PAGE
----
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terrible choices. >> i stopped eating and drinking, not even water, just to get him treated. >> reporter: keeping track of the numbers spiking beyond what they ever imagined. the doctor was saying in 2020 this population, 23% of the children under 5 here were severely malnourished. in 2021, they think that number will go over 30%. there's no doubt in his mind, he says, that they here are in famine. nearly three years ago, the u.n. security council condemned starvation as a method of war warfare, demanding access to supplies that are necessary for food preparation, including water and fuel be kept intact. here and in other conflicts. that clearly hasn't happened. what's more, the world has stopped caring. the u.n. needs almost $4 billion to stop this crisis. they've received less than half that from donors. numbers don't lie but numbers also don't reflect the full
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tragedy. 10 months and struggling to breathe, he came into the hospital six days ago. he keeps losing weight, even with the critical care he's receiving. hours after we left, he died. one more child in yemen that represents so much more pain. the doctors here are desperate for the world to see and to help. >> joining us live now from sedan. an absolutely heartbreaking investigation by you and your team. an arduous trip to a place few have done any reporting. have you gotten any response from the u.s. yet? >> reporter: firstly, i should say we've not received any response to saudi arabia, whom we put our findings to. we did, however, receive response from the newly appointed u.s. envoy to yemen.
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he told us this is a complex environment, but he denies the claims that we show in that report. he says that those boats are currently off the port and, jake, that's just not true. he also says that food continues to flow through unimpeded and also that is just not true. you saw those food trucks along the side of that road. he says the u.s. is committed to push the parties towards peace. and the question that we have for him is, how is that possible when you are not acknowledging the full impact of that u.s.-backed saudi embargo on the people of yemen, jake? >> infuriating. the biden administration claims they want to end the war in yemen. from what you're seeing on the ground there needs to be solutions now. what can our viewers do to help? >> reporter: that's a really great question.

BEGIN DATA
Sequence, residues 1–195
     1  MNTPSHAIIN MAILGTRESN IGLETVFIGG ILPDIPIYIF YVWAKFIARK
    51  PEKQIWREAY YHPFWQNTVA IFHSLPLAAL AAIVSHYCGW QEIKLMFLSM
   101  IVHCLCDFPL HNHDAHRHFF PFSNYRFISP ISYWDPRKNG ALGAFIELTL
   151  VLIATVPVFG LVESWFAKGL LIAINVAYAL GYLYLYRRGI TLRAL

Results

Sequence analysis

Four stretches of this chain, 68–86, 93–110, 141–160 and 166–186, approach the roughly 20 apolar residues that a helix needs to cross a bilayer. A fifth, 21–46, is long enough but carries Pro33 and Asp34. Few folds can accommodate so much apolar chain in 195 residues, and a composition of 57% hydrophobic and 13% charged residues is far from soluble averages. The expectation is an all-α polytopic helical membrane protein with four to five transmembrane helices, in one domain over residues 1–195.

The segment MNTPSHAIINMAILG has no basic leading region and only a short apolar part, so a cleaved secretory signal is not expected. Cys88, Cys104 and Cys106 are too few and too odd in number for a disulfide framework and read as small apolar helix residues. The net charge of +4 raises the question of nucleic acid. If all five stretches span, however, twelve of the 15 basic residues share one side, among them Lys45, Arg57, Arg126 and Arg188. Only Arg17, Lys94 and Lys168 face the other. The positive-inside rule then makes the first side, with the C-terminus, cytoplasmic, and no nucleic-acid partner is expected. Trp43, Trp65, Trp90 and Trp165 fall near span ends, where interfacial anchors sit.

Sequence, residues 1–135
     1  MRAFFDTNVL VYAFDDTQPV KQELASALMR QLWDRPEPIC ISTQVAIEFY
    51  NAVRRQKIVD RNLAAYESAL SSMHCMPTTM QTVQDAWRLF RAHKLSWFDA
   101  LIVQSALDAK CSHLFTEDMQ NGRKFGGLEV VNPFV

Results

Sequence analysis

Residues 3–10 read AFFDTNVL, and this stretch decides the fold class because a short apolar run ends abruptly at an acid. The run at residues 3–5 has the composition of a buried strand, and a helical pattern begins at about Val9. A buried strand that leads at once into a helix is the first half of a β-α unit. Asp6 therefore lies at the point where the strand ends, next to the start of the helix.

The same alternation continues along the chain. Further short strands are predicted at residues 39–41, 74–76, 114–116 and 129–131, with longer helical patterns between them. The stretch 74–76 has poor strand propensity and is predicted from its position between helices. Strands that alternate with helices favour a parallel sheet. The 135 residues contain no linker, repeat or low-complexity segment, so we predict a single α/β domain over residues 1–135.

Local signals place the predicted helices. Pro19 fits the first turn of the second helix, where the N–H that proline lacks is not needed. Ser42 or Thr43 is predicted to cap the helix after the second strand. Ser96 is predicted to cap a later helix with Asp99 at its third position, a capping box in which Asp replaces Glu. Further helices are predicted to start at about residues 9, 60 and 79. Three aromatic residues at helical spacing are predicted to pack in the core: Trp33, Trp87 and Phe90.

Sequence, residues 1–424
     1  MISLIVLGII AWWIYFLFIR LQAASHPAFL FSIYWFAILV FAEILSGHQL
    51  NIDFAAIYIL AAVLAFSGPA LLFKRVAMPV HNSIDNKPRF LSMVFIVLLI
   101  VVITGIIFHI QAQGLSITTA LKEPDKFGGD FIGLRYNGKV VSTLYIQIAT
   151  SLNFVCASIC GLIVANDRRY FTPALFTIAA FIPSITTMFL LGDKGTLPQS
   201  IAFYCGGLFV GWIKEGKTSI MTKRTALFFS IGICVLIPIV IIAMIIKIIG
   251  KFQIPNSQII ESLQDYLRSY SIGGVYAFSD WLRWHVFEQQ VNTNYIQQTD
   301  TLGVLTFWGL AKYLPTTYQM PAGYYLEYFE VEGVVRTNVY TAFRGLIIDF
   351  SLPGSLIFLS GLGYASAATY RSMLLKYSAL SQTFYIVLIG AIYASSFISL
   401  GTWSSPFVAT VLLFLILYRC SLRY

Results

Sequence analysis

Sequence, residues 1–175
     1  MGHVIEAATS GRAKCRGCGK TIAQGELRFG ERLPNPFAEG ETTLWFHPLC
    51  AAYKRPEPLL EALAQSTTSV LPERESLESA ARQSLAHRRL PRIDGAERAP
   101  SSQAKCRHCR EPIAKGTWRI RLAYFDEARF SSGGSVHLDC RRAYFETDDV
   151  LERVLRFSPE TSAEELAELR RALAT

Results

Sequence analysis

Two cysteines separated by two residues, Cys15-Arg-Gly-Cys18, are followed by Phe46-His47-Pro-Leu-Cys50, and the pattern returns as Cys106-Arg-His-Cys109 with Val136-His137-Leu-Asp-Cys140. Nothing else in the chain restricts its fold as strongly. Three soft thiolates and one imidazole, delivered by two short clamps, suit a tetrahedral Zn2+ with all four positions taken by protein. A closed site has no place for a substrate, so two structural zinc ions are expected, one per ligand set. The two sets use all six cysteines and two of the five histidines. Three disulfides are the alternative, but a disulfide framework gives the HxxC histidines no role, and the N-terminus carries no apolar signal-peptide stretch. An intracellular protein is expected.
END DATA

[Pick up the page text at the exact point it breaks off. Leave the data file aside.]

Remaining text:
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i think one of the big issues with yemen is because of the difficulty in getting there. it's really fallen off the world's radar. part that have tushlgsly, is intentional. we were stopped from getting a visa for eight months by the saudi-backed internationally recognized government, which is what the world has been rallying around. and they were able to block our access until we all got into that boat and crossed. so if this peace moves you, if your viewers are moved by this piece, they have to make their voice heard. that's what lawmakers respond to. if people care, they should be tweeting about this piece, #yemencan'twait. it's not as complicated as we need a peace deal, we immediate to negotiate that. it is as simple as pressuring the saudi coalition to allow fuel in. that would instantly change people's lives, jake. >> nima elbagir in yemen, thank you so much.
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in our national lead today, the fourth and fifth jurors were selected in the trial for former police officer derek chauvin, the former officer from minneapolis charged in the killing of george floyd. the jury is made up of four men and one woman. one of those jurors told the court that he had never seen video of the incident. let's bring in criminal defense attorney and cnn legal analyst joey jackson, joining us on the phone. i want to start with juror one, who says he hasn't seen the video, but has seen a still photo. is this a dream juror for the defense or the prosecution? >> well, you know, interestingly enough, i think there would be people out there who would say how could this be in such a nationalized story that you wouldn't see video? remember this, jake, in keeping